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Osaka

Osaka sits in the same Kansai prefecture as Kyoto. A quick 45 mins train ride landed us right in Osaka station. Train stations in Japan are adventures on it’s own. The major stations of each cities are often dressed with many great shops and restaurants. Never worry on going hungry while traveling via rail. Osaka is considered a food city to many locals and visitors.

Dontonbori is a main food street serving their local dishes. Takoyaki (octopus balls) & okonomiyaki (savory pancake made with mainly cabbage and variety of ingredients) are popular to eat.  The street also make for great photos with their eccentric and illuminated style.

The locals in Osaka are friendly and animated. Some may say it’s the grittier and louder city vs Tokyo. Either way, it makes a pleasant visit even just for the food.

 

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Shinsekai is Osaka’s “new world,” a district that was developed before the war and then neglected in the decades afterwards. At the district’s center stands Tsutenkaku Tower.

 

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Dōtonbori is one of the principal tourist destinations in Osaka, Japan, running along the Dōtonbori canal from Dōtonboribashi Bridge to Nipponbashi Bridge in the Namba district of the city’s Chuo ward.

 

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Historically a theater district, it is now a popular nightlife and entertainment area characterized by its eccentric atmosphere and large illuminated signboards.

 

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Kani Doraku: A crab restaurant, easily identified by its giant moving crab billboard .

 

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Takoyaki is a ball-shaped Japanese snack made of a wheat flour-based batter and cooked in a special takoyaki pan.

 

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It is typically filled with minced or diced octopus (tako), tempura bits, pickled ginger, and green onion.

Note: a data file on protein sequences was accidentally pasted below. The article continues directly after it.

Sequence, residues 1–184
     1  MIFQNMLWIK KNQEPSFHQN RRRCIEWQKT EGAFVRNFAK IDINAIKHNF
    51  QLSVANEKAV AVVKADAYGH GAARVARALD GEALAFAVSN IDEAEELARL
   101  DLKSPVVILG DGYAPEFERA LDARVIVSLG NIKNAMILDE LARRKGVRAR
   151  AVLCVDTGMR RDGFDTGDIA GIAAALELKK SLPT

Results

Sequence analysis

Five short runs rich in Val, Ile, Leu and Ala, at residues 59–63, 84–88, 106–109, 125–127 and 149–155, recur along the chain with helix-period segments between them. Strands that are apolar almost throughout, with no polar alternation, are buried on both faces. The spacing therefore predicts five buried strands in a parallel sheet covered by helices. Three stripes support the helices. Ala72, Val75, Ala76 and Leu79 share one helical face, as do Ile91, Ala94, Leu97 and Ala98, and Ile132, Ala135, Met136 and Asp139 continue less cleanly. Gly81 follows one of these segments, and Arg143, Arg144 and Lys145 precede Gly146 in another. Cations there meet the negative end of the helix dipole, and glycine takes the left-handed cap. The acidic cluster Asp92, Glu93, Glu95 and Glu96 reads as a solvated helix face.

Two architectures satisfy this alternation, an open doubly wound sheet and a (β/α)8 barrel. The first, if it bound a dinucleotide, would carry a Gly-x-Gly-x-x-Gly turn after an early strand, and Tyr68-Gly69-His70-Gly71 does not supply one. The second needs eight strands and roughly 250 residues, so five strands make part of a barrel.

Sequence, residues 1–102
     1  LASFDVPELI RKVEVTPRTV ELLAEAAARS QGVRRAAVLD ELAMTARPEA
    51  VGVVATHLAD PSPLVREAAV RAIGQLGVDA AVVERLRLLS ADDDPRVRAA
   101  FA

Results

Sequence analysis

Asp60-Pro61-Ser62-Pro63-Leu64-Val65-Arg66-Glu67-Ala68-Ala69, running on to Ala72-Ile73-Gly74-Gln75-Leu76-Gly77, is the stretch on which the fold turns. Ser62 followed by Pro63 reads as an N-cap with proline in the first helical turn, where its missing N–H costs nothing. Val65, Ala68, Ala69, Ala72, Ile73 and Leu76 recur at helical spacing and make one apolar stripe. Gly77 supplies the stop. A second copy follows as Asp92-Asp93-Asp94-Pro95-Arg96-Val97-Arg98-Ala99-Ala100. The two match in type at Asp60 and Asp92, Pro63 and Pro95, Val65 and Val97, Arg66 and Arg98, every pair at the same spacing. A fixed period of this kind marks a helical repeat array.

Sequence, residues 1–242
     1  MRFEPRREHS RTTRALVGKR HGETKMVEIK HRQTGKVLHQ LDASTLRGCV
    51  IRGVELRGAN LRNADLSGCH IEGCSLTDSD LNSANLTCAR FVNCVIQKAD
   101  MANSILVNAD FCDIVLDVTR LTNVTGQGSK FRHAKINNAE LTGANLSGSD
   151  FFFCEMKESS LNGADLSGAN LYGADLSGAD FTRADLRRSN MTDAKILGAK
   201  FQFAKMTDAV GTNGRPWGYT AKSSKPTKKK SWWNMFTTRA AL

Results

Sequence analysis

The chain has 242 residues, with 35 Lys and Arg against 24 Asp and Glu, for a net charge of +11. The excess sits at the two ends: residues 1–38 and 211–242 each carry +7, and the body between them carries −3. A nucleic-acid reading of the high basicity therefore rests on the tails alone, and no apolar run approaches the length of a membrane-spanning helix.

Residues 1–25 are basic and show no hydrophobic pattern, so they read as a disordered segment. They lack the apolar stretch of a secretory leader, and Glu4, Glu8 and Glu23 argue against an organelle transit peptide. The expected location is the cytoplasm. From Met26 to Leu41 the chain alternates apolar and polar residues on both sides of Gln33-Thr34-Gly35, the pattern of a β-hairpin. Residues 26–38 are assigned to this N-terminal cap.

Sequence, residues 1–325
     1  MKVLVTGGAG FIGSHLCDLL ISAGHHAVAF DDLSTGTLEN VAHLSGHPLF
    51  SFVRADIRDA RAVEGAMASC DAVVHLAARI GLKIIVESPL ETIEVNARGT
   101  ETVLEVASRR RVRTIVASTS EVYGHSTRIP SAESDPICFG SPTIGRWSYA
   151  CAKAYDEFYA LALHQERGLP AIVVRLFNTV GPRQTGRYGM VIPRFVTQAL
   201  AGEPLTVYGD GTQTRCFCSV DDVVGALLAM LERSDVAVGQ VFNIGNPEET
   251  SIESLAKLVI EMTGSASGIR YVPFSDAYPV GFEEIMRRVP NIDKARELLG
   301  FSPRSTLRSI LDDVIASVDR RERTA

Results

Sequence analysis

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Takoyaki are brushed with takoyaki sauce, similar to Worcestershire sauce, and mayonnaise.

 

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Dōtonbori is often considered the mecca of the city’s penchant for cheap, good food, and as such is often highlighted in guidebooks as a “must see” destination for visitors to the city. Dōtonbori Ave, running parallel to the canal, exemplifies the flamboyance of Osaka’s Kuidaore culture.

 

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Kuidaore is a Japanese word meaning roughly “to ruin oneself by extravagance in food.”

 

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Kaiten-zushi, literally “rotation sushi”, also called sushi-go-round is a form of fast-food sushi common in Japan. Conveyor belt sushi boom started in 1970 after a conveyor belt sushi restaurant served sushi at the Osaka World Expo.

 

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Kushikatsu, one of Osaka’s best known specialties. It is a dish, composed of various skewered, battered and deep fried foods. Varieties range from chicken and beef, to pumpkin and asparagus, to the banana and ice cream dessert varieties.

 

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Enjoying some deep fried goodness. There’s one important rule when eating kushikatsu – No double dipping on the communal sauce :)

 

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Many kushikatsu restaurants are open 24 hours, but only truly come alive when the lights come on at night.

 

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Osaka Castle is a Japanese castle in Chūō-ku, Osaka, Japan. The castle is one of Japan’s most famous and it played a major role in the unification of Japan during the sixteenth century.

 

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The Siege of Osaka was a series of battles undertaken by the Tokugawa shogunate against the Toyotomi clan, and ending in that clan’s destruction.

 

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The main tower of Osaka Castle is situated on a plot of land roughly one square kilometer. It is built on two raised platforms of landfill supported by sheer walls of cut rock, using a technique called Burdock piling, each overlooking a moat.

 

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Some Samurai Cosplay

 

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View from the top of Osaka Castle

 

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Osaka Sunset

 

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The Umeda Sky Building is one of the city’s most recognizable landmarks. It consists of two 40-story towers that connect at their two uppermost stories, with bridges and an escalator crossing the wide atrium-like space in the center.

 

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Pancakes from Eggs & Things for breaky :)

 

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Brunching in Osaka

 

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Strawberry Mochi Ball Sweets

 

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Japananese take their fruits seriously. This perfect melon is about $130 CAD

 

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Naptime after a big meal :)

 

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Rain day games…

 

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Umbrellas are common with cyclists on a rainy day